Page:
Using molecular tools to identify unicellular cyanobacteria with the potential to utilize nitrate in oligotrophic oceans
The extent of the how genetic and physiological diversity is correlated in environmental populations of unicellular cyanobacteria is unknown. Genomic analysis of cultivated isolates of Synechococcus and Prochlorococcus has shown various gene deletion and rearrangement events between these cyanobacteria. In particular, the nitrate assimilation genes encoding for the assimilatory nitrate reductase (narB) and the bi-specific nitrate-nitrite permease (nrtP) have been lost in all current Prochlorococcus isolates yet are present in all current marine Synechococcus isolates. While the environmental diversity is unclear, the control of the nitrate assimilation pathway in cultivated representatives of Synechococcus is also widely unknown for the majority of Synechococcus strains. The goal of this dissertation was to elucidate the genetic diversity and control of the nitrate assimilation pathway in environmental and cultivated isolates of unicellular cyanobacteria. In order to achieve these goals, I used a multi-disciplinary approach in my work, incorporating oceanographic field work and sample collection, microbiological techniques such as aseptic culturing, molecular approaches including quantitative PCR, phylogenetic analysis using various software programs, and statistical analyses to study the role abiotic factors may play in the natural distributions of these organisms. ^ This research revealed a greater diversity of the nitrate assimilation genes in natural populations of cyanobacteria than have been seen in previous studies. The field and laboratory work lead to the discovery of multiple novel narB and nrtP Prochlorococcus -like groups from samples taken in the oligotrophic environments of the Sargasso Sea and North Pacific Subtropical Ocean. These results were consistent with recent work by Martiny et al. (Martiny et al. 2009) where sequences from the Global Ocean Sampling (GOS) Dataset were analyzed and many were identified as Prochlorococcus based on GC content of their DNA. These results suggest that cultivated Prochlorococcus isolates represent a fraction of the natural diversity seen in these organisms. However, Prochlorococcus nrtP gene expression was not detected in these samples. We do detect nrtP expression from Synechococcusin our samples, despite the fact the majority of our DNA sequences correspond to Prochlorococcus. Therefore, these genes may be expressed at low levels in Prochlorococcus or regulated differently from Synechococcus. In metatranscriptomic libraries, Poretsky et al. (Poretsky et al. 2009) were able to detect environmental nrtP expression when 80L of water were filtered while Frias-Lopez et al. (Frias-Lopez et al. 2008) detected Prochlorococcus gene expression of various genes, including amt genes involved in ammonium metabolism, in 4L of water filtered, suggesting that the 1L volume filtered in our field samples may have been too low to detect these transcripts in the environment. ^ This work also elucidated differences in narB and nrtP gene expression across five strains of marine Synechococcus , suggesting that our understanding of cultivated isolates is also minimal. The narB and nrtP genes in one representative of clade III and a strain from clade VI appear to be under a similar form of N control while it is unclear if another representative of clade III, and strains from clades II and V are under the same control. Synechococcus WH7805 (VI) and WH8102 (III) respond to nitrogen switching while WH7803 (V), WH8103 (III) and WH8109 (II) show no difference in nrtP and narB expression when grown in ammonium or nitrate. Synechococcus clades III and V also appear to cope with rapid nitrogen limitation better than strains from clades II and VI. However, there are discrepancies with some of our results and those obtained in previous studies for WH8103 (Wyman and Bird 2007) and WH8102 (Su et al. 2006), although those studies utilized different temperature and nitrogen concentrations. These results suggest that a culture condition standard, which would include specific light levels, temperature and a control media for growth rate, would be useful when working with these organisms in order to better compare data across studies. These results suggest that it could be difficult to make inferences regarding cellular nitrogen status from nitrogen assimilation gene expression patterns in the environment, unless each strain is truly representative of its phylogenetic clade. Future experiments assessing nitrogen assimilation physiology and gene expression at different temperatures and with manipulations of other relevant nutrients, such and phosphorus and iron, will also be helpful in discerning the potentially complex response of marine cyanobacteria to environmental variables.^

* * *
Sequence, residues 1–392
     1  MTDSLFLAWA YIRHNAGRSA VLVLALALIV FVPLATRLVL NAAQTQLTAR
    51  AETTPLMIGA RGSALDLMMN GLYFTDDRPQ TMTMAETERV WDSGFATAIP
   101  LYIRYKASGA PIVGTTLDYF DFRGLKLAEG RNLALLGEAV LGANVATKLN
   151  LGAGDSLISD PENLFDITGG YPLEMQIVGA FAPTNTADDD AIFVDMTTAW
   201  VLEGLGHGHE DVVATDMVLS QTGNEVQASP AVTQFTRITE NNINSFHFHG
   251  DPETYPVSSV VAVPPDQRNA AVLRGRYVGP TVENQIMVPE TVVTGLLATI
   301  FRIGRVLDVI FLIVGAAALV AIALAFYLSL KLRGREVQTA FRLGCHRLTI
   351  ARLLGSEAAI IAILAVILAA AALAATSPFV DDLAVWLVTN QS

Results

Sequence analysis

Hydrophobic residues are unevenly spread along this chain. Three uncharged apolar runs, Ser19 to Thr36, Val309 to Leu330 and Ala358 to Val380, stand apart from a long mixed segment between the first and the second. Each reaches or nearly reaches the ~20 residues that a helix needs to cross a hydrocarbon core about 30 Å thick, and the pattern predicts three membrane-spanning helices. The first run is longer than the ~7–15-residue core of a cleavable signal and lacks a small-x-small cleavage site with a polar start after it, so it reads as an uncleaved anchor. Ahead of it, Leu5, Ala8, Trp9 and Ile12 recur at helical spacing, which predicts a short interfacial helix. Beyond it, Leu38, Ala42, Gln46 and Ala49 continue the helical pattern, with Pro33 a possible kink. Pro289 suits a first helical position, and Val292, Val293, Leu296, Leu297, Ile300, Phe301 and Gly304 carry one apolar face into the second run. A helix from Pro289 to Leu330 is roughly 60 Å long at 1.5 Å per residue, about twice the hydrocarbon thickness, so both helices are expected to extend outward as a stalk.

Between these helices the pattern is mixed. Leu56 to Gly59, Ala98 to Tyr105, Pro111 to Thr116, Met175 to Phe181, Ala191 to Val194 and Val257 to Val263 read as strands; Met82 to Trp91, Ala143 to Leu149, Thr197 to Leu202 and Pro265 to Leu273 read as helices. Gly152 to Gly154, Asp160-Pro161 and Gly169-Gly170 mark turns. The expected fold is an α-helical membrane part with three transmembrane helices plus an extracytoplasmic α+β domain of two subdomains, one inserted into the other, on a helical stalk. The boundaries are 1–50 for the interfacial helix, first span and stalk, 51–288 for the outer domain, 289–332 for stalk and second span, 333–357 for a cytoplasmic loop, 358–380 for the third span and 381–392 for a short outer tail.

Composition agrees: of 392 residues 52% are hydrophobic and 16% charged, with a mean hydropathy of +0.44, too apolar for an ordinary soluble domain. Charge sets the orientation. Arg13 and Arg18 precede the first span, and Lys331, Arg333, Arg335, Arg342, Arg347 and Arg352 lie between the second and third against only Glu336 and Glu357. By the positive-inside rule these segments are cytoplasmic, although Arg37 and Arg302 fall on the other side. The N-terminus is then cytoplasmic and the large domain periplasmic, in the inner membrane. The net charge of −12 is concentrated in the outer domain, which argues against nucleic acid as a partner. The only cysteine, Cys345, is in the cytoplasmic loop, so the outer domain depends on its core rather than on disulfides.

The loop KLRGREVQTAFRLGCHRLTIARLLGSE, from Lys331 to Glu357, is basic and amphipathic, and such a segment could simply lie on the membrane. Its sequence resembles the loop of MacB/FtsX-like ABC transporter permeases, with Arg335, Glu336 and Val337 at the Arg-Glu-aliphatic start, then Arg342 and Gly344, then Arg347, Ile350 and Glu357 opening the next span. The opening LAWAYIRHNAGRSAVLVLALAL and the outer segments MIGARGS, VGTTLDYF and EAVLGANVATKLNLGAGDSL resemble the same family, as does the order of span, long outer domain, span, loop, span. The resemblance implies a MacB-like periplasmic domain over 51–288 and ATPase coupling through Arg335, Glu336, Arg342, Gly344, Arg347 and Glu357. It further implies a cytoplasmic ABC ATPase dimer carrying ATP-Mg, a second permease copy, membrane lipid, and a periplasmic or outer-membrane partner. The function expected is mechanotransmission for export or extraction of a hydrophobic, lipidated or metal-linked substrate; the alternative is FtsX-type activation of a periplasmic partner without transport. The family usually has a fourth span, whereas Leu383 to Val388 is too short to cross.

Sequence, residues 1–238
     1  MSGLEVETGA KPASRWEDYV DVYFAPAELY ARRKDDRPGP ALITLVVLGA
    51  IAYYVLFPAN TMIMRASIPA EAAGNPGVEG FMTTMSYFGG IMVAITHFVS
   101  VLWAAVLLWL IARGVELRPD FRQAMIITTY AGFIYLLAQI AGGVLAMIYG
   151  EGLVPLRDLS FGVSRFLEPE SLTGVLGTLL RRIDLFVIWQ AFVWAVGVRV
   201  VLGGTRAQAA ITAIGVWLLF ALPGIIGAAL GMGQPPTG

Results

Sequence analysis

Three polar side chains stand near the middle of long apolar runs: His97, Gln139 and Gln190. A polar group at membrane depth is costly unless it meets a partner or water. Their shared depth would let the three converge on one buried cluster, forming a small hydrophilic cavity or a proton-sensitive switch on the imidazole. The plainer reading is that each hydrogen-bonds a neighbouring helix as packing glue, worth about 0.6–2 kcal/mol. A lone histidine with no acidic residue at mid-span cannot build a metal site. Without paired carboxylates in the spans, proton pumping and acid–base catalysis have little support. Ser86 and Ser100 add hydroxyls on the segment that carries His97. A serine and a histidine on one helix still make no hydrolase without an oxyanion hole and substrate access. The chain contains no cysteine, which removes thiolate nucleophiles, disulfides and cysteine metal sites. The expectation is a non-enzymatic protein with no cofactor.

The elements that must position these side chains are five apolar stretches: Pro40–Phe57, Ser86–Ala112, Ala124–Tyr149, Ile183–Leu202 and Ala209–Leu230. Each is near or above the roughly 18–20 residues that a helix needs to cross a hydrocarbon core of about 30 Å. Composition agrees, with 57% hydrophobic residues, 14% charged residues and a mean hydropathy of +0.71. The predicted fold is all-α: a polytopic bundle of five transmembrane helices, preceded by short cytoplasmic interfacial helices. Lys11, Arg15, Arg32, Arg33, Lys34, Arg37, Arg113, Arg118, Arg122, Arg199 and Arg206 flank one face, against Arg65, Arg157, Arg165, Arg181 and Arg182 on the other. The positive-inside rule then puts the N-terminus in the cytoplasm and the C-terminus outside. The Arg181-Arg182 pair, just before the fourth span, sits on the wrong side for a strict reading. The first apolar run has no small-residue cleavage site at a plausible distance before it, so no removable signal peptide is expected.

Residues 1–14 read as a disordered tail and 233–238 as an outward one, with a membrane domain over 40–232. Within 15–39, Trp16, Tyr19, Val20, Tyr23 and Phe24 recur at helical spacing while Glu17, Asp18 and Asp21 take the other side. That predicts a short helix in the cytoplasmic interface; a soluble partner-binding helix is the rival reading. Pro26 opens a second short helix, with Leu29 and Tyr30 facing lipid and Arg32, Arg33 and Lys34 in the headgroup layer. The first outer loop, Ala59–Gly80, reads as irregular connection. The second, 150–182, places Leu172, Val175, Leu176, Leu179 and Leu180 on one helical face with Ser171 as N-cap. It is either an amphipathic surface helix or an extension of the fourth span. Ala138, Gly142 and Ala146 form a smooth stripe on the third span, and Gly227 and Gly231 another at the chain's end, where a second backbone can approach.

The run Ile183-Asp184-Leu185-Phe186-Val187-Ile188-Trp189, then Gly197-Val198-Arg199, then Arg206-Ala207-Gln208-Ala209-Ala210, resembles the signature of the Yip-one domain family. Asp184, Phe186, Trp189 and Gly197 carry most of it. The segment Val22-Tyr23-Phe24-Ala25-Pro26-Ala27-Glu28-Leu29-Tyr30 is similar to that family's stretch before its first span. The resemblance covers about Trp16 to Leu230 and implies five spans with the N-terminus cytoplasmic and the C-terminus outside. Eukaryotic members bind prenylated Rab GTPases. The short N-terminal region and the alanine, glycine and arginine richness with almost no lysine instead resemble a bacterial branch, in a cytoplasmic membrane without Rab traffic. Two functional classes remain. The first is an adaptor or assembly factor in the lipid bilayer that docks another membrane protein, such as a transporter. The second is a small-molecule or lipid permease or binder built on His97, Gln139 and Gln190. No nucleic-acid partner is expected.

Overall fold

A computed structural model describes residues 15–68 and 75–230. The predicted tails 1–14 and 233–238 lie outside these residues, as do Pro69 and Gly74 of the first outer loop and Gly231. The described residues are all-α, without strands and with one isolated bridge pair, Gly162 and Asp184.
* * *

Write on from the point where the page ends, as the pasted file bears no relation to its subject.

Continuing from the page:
Biology, Molecular|Biology, Microbiology|Biology, Oceanography
Traci L Haddock,
"Using molecular tools to identify unicellular cyanobacteria with the potential to utilize nitrate in oligotrophic oceans"
Dissertations and Master's Theses (Campus Access).